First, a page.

White Papers must address one significant roadblock or opportunity, in terms of the SEAD focus areas or a relevant topic of the authors’ choosing. SEAD focuses include: research and creative work, learning and education, productive partnerships across disciplines and organizations, and culture and economic development. Although a White Paper may be submitted by a sole author, we encourage collective authorship and group submissions. White Papers must include recommendations for actions to move the community forward. We welcome submission of already existing advocacy papers or reports. White Papers should be short: text up to 10 pages total, including all materials and type size no smaller than 12; video no longer than 10 minutes.

The Deadline for initial one-page Abstracts is August 15, 2012.
Submissions invited on the basis of the Abstracts will be October 15, 2012.

You may submit a White Paper via email to PI Carol LaFayette. If your submission is a video, email the link to its location in an open archive (such as uTube, vimeo, etc.) Note that White Papers in both text and video formats must include explicit recommendations addressed to specific stakeholders.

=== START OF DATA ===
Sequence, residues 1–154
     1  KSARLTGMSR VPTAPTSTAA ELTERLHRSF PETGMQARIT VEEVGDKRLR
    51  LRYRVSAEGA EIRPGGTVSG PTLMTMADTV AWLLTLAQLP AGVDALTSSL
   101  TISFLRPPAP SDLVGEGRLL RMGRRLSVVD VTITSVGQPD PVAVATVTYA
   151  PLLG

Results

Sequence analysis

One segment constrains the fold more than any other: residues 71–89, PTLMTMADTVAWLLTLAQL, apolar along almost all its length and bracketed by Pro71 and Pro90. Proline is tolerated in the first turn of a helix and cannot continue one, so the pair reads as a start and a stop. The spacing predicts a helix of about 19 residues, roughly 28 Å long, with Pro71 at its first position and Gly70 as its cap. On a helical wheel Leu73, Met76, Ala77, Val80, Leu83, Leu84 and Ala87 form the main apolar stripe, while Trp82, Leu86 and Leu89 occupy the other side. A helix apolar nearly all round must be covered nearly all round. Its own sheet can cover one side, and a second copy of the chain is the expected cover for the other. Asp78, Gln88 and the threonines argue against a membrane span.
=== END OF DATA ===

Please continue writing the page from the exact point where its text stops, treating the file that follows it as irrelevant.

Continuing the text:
b) We welcome links to existing reports, which will be added to our compilation of precedent sources internationally <http://seadnetwork.wordpress.com/bibliography/>.

If you wish to be kept informed of the activities of the SEAD network, please email Carol LaFayette.

For further information or questions about White Papers in text or video format, contact Carol Strohecker.

Additional Guidelines for White Papers are available at http://seadnetwork.wordpress.com/2012/06/11/white-paper-guidelines . We welcome innovative ways of using online media to articulate the arguments of the White Papers. If you wish to explore experimental publishing approaches, contact Roger Malina.

This material is based upon work supported by the National Science Foundation under Grant No.1142510, Collaborative Research: EAGER: Network for Science, Engineering, Arts and Design (NSEAD) IIS, Human Centered Computing. Any opinions, findings, and conclusions or recommendations expressed in this material are those of the author(s) and do not necessarily reflect the views of the National Science Foundation.

Lovely Weather in Inishowen, Ireland: what is climate art?

This post comes to you from An Arts and Ecology Notebook

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“how does data feel, taste, sound, look, smell?” Roger Malina, Leonardo, keynote speaker, Lovely Weather art and climate change conference, LetterKenny RCC, Nov 2010